Just because I have the right to do a thing, doesn't make it the right thing to do.
I have a right to fly a Confederate flag. But is it the right thing to do in the deep south where the issue of slavery runs deep?
I have the right to wear a swastika armband. But would it be right for me to wear it in the company of my Jewish friends?
I have the right to eat and serve meat to myself, my family and friends. But would I be right bringing it to a potluck gathering of my Hindu friends?
The spirit of the law versus the letter of the law should always be considered.
I believe the laws of our land are designed to promote domestic tranquility and to insure the inalienable rights of our citizenry which per our constitution--in the preamble-- are life, liberty and the pursuit of happiness.
When demanding my rights based entirely on the letter of the law, I may well be violating the spirit of the law.
Let every right that we demand be rooted in love and consideration for all concerned. Will that which I demand promote or hinder the common good of us all?
The apostle Paul in the New Testament of the Holy Bible says "as much as lieth within you, do good unto ALL men, and especially unto them which are of the household of faith".
Jesus Christ, the son of Jehovah God, tells us we are to love our neighbor as ourself. He says that the law and the prophets hang on that command and the command to love God with all your heart, soul and mind.
I would hope if I were a Muslim that I would be sensitive to those who suffered at the hands of other Muslims. Yes, they were terrorists who happened to be Muslims. But that does not negate the fact that they were Muslims-- and practicing their brand of Islam, that brand which hates the U. S. and considers it the great Satan and seeks to destroy it. We can never forget that, we can never overlook that.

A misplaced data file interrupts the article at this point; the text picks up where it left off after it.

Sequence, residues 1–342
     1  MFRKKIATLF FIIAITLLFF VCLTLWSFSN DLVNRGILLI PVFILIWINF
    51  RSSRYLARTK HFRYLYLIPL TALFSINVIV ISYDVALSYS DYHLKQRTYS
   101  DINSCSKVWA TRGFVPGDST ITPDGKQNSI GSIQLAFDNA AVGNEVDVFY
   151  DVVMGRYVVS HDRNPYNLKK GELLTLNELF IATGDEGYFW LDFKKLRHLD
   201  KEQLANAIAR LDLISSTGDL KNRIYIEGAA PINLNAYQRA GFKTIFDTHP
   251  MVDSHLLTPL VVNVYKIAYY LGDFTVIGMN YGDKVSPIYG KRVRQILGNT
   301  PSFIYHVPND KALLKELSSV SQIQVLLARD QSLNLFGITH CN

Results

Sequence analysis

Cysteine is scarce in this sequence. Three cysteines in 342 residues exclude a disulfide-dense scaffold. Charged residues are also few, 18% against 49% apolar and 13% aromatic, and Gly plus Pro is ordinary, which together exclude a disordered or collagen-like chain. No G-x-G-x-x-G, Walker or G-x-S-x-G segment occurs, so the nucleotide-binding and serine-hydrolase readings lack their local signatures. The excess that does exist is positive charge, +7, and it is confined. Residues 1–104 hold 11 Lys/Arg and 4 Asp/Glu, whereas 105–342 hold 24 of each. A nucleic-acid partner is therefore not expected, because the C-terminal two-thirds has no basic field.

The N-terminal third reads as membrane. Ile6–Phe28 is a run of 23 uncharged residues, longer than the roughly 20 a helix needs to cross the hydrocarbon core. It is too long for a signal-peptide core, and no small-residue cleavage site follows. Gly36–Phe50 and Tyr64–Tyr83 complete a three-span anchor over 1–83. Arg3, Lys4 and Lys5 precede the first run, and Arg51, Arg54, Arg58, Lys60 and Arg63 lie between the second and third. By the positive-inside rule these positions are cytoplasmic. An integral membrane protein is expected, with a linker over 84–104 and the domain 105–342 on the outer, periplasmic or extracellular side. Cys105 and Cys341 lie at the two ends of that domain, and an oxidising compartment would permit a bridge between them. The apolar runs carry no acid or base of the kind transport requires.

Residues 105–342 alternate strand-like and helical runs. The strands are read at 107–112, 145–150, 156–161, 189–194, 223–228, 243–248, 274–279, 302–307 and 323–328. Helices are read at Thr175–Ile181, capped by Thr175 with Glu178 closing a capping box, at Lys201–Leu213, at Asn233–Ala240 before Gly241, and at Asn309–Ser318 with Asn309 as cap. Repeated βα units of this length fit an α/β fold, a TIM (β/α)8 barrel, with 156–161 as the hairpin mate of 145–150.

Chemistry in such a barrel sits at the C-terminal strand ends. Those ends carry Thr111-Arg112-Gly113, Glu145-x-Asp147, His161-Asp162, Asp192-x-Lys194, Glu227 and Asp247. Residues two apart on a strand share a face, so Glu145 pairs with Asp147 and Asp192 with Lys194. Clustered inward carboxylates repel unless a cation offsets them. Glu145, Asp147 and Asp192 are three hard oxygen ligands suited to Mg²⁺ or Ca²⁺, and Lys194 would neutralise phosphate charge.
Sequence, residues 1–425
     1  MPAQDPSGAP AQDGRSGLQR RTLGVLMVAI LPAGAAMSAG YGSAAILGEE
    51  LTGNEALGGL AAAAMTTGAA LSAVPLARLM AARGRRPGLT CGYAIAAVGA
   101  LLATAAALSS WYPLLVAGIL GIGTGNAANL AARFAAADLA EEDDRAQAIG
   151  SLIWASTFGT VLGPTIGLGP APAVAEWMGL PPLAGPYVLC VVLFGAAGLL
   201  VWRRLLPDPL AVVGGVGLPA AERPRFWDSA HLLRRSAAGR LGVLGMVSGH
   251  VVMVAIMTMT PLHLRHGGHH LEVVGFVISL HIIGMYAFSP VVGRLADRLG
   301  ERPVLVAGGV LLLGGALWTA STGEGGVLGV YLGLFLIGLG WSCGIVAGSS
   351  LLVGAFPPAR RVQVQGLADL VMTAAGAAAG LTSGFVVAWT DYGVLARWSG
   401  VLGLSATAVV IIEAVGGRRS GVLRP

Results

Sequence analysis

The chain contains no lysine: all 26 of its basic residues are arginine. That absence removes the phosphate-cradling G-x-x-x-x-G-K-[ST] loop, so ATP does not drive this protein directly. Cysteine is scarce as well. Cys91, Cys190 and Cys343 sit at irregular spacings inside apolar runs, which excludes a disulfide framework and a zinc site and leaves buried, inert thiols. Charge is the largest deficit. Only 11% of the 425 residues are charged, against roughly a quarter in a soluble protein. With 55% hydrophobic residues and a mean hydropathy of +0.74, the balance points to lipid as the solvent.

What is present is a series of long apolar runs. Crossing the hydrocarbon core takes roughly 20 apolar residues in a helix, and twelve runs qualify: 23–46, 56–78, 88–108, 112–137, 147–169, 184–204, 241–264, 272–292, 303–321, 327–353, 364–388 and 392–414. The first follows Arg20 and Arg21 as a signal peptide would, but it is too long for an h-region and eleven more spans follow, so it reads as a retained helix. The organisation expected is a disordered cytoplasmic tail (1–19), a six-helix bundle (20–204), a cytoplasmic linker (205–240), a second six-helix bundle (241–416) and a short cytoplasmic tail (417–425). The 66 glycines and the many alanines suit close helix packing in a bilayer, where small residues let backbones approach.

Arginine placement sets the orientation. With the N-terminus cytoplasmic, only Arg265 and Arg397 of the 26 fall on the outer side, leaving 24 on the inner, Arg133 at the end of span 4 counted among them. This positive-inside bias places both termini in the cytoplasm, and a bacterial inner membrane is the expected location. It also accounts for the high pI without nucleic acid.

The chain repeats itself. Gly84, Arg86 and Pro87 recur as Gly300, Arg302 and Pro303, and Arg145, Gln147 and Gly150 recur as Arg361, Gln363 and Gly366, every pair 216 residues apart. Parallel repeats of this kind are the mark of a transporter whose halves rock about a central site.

I would hope if I were German that I'd be sensitive to the millions of Jews that suffered at the hands of Hitler.
I would hope that I being white would be sensitive to the black people who suffered at the hands of whites solely because of the color of their skin.
I would hope that I being a meat eater would be sensitive to my Hindu friends who feel strongly against eating anything with a face.
We must always weigh the action-- the deed-- against the benefit and outcome, giving consideration to the effect on more than just self.
There is a time to forge ahead and demand your right--when it is for the greater common good. But when the motivation does not benefit the common good and its preservation, then it's time to rethink .
Following that line of reasoning, I think those who do have the right to build a mosque on the site of the 9/11 attack should not demand their right. They should, in love, respond by withdrawing and going elsewhere.
That would be loving. That would promote peace and harmony. That would insure domestic tranquility.
Demanding our rights in the face of the hurt it might cause others is purely selfish in my opinion.
That is what I think.